Having Accountability as a Core Value.

Be Accountable

Making yourself accountable to someone else improves productivity and effectiveness. It will be a lot easier if you have accountability as a core value. That is, deep down you believe making yourself vulnerable to another valued individual can really be of help to your own personal, professional and leadership growth.

This is the very reason why successful people work with a professional coach.

Set the parameters of your relationship. Ask that person to question you about how you manage your time, what you are working on and what you are getting done.

The very fact of you knowing you have to give an account to them shifts your thinking to a different level. You will begin to look for more effective ways to think and act. You will spend more focused time on critical projects and accomplish more real work. And you will have increasingly better reports to give to your accountability partner.

"In fact, the real expert is not really an expert at all, but a support system. What we all need is the kind of support that functions like a personal coach who helps us work through certain problems, has suggestions for appropriate fixes, but never tries to limit anyone."

John Eliot, Overachievement

Five Days of Accountability as a Core Value Coaching


Think about having an accountability partner to whom you report. The purpose of this relationship is to be accountable for intentional growth and taking action toward greater effectiveness and contribution.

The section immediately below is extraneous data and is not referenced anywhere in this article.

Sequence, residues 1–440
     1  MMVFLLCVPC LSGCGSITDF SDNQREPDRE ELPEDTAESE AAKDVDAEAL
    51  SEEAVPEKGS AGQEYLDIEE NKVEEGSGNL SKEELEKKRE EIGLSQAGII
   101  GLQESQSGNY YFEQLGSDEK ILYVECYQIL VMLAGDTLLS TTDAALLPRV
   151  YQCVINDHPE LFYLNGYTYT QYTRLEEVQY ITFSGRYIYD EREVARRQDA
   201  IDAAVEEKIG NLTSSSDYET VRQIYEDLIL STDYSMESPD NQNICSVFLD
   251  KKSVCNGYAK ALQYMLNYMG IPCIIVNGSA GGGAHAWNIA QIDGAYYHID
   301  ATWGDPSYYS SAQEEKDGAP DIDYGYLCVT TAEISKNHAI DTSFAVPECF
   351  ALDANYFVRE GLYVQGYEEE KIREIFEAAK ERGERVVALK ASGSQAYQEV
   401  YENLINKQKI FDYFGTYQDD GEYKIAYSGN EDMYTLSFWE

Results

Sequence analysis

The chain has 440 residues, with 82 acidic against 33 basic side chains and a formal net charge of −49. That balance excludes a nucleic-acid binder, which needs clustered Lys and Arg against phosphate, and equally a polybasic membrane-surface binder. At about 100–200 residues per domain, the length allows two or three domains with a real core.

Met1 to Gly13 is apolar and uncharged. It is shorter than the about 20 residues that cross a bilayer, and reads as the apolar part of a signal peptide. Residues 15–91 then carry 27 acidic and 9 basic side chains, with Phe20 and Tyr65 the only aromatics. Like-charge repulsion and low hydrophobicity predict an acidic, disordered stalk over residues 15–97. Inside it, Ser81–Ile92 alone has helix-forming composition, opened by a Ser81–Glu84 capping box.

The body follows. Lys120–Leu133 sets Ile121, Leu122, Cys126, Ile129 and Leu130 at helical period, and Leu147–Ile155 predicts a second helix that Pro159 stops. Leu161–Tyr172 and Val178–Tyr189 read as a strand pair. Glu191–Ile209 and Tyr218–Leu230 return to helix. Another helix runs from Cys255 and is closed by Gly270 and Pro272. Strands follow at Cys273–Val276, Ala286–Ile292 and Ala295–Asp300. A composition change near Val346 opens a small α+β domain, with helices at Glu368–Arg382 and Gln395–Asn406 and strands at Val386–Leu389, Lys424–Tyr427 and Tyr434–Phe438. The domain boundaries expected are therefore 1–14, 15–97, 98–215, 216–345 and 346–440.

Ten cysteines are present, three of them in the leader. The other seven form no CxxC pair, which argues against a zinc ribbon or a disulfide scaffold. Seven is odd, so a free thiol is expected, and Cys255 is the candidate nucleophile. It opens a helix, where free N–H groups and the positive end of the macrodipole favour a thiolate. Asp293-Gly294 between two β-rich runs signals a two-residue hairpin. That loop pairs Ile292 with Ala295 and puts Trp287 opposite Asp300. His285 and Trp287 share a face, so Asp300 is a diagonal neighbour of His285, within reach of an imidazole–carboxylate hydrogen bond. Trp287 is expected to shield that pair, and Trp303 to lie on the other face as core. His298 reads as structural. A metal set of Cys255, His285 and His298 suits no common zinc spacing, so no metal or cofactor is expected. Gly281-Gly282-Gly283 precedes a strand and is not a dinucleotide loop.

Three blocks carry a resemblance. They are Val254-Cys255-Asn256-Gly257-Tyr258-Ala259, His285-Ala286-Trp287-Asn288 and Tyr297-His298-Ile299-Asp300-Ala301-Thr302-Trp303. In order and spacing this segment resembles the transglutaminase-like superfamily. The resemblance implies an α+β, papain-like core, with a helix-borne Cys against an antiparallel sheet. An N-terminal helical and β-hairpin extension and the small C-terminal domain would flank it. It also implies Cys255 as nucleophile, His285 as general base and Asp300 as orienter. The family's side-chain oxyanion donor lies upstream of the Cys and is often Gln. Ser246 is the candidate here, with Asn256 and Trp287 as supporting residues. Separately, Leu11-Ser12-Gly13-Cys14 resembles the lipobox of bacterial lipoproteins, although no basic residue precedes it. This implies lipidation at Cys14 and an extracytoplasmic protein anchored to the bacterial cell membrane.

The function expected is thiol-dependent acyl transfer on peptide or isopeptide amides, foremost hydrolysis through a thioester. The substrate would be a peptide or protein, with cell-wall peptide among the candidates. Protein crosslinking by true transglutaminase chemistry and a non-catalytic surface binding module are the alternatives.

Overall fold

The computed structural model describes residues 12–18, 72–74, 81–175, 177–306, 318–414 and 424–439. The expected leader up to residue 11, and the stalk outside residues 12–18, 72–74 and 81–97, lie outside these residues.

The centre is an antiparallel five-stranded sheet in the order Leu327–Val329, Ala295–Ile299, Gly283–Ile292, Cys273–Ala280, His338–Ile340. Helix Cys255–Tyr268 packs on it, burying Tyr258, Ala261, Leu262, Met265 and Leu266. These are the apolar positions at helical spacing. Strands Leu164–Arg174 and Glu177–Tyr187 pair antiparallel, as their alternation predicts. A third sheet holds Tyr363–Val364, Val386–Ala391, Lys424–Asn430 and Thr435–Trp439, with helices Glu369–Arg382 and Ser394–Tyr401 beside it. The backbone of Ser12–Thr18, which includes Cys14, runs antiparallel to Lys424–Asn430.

If you both have accountability as a core value you hold in common, this can be a relationship of great practical value. 

This individual may be your mentor, a professional coach, a trusted advisor or someone pursuing the same path you are. Choose carefully. This person should be a broad thinker and able to ask penetrating questions that spur you on to improvement.  Make a list of the people you would feel comfortable with in this role.

The Coach asks:

  • Make a list of questions that you would consider to be good accountability questions if you were asking them of someone else. What would be important for them to report on or reveal if they want to be their very best?
  • Make a list of people you would feel comfortable with as they asked you the type of accountability questions you just wrote down. 
  • What do you think would be the value in different types of accountability partners - friends, work peers, professional coach, etc?
  • How comfortable would the people on your list be with asking you personal and penetrating questions about your work, productivity, habits, personal life, ambitions, weaknesses, failures, pride, seriousness, leadership etc? 


Write down the mandate of your accountability partner. Give them the latitude to question you about your actions, your motives, how you think, how you handle stress, relationships, work habits and anything else you can think of. Be as broad or tight in your instructions as you feel will benefit you.

The Coach asks:

  • Write down what it is you would like your accountability partner to actually hold you accountable for? These would form the "running instructions" for them to operate by. 
  • What do you notice about your instructions? Light? Heavy? Too many loopholes? Unreachable? Just right?
  • Go through a couple edits to ensure you are having them explore the areas you believe it would be important to cover.